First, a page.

That’s not what happened. They hadn’t read it then, and they still haven’t started reading it. Most people won’t put in the time.” (Talk about fake it til you make it...)

Now, I'm talking to most campus recruiters who are hiring for complex roles Most of them have never done the job so the conversation can feel off-balance

Now, not only have they not done that job, but they haven't even taken the time to read articles, blogs or even have a surface level understanding of the role they're hiring for

Just because they're students doesn't mean you have the upper hand

If you're expected to bring top-tier candidates into your pipeline, do you have a top-tier process that will help you get there?

In April Peth, Esq.'s world, you have to become a trusted advisor Because her roles are complicated and require multiple experiences, but listen to her advice as she breaks down how you can become an advisor too

Rishav Khanal 0:02

Boom. And I think she's chimed in, I've got the record sign on there. So everybody, welcome back to recruiting you. And we're super excited to have our guest on, but I know, I know, you're probably wondering, alright, Rishav what is the fun fact? What's the trivia question lay it on me. And we've gone on a streak now where people have known the answer. And I, you know, my goal for this is for our audience and our guest to not know the answer. So I can feel a little bit smarter about myself. But anyways, Alexis April.


What is the name of the company that Elan musk currently runs? That is currently digging tunnels into the ground?

April Peth 0:53

The only company I think might be his other than Tesla's, this is SpaceX or whatever his space one is? I don't know any.

Rishav Khanal 1:02

Yeah, you've got two of them. And he's got Solar City that's like the cheapest, like solar that you can put on your tiles. But he's also got the boring company. So the idea is you dig tunnels into the ground. And then that way, you can avoid traffic because your car would go and you'd go into the tunnel, and he would just drop?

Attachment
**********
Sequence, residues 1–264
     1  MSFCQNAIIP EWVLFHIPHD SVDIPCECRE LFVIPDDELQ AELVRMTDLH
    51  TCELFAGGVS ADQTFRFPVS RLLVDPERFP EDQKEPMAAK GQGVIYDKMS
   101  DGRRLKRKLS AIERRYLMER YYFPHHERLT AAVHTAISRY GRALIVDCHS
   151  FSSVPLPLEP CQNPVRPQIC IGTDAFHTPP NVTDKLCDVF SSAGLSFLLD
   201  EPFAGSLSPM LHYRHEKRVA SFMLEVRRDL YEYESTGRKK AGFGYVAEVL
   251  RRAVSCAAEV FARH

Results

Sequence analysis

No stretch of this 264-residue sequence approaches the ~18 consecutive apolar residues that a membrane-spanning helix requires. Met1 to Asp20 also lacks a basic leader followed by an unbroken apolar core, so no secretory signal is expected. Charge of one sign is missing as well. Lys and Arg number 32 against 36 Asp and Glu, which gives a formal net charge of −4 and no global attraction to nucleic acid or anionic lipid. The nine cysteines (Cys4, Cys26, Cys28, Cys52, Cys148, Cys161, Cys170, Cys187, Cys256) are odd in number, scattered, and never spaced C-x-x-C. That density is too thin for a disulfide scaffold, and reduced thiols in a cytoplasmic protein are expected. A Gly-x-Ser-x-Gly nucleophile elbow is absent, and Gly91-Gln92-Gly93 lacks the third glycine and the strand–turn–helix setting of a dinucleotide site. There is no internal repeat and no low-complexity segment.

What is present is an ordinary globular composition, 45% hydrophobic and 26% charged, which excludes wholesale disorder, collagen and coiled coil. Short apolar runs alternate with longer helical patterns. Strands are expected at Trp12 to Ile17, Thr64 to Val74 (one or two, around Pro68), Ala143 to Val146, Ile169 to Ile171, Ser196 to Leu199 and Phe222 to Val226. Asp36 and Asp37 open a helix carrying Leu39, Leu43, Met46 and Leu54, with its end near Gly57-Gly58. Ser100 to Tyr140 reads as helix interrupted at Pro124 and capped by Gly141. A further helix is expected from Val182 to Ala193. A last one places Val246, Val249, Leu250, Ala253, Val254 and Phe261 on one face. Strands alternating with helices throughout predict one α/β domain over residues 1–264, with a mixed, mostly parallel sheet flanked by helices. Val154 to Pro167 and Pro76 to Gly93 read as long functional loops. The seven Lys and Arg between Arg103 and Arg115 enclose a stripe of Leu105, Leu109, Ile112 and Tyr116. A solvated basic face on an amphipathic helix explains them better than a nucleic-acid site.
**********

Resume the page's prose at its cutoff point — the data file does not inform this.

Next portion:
Yes, it's the boring company. Lot. Lots of smart people working on that. But for us here, a lot of smart people coming on just like a bro and we're excited to have her curious, you know, thinking about you all the colleagues that you probably talked to any fun facts, I guess you or your colleagues necessarily wouldn't know about you? The first time they meet you.

Elon is using a boring machine from a sewer project in Sunnydale, California

April Peth 1:50

My colleagues wouldn't know about me. Exactly. Um, I'm the oldest of five kids. So that's

Rishav Khanal 2:01

what's the what's the fondest memory growing up in that household was Thanksgiving or any other big holiday? Like?

April Peth 2:07

I'm crazy, but very fun. We used to have our own family newspaper, family weekly time. So it was?

Rishav Khanal 2:21

Well, I know I think for people that are super used to coming to the show for a little bit. I've watched the episodes. They're like, hey, Rishav, did you just steal Alexis Thunder? Because she always chimes in with a question. We are unfortunately, so sad to see her leave. I think this is going to be the second to last podcast that she does with us before she goes back to her awesome time at Virginia Tech is a rising senior. So we're just passing off the baton expertise and everything like that. But, April, let's dive into it. We're short, sweet, straight to the point. And listeners know, hey, we go get into this fictitious scenario and play out this hypothetical. And I'm a campus recruiter right now who is really struggling, close candidates, right? I'm talking to a lot of students who are juggling multiple offers. And I just feel like there's something off, and I can't sell them on why they should come work for us. Now I know, you're not a campus recruiter by you know, by day 24. Seven, you work in a different division. You're talking to legal folks like people that are super smart people that are probably juggling a lot of other offers, who know their worth. And somehow you have to work with them to solve them on wherever you're going to be placing them however you work. So I'm curious, like, have you come across a situation? And if so what would your advice be to me to make sure that it doesn't happen moving forward?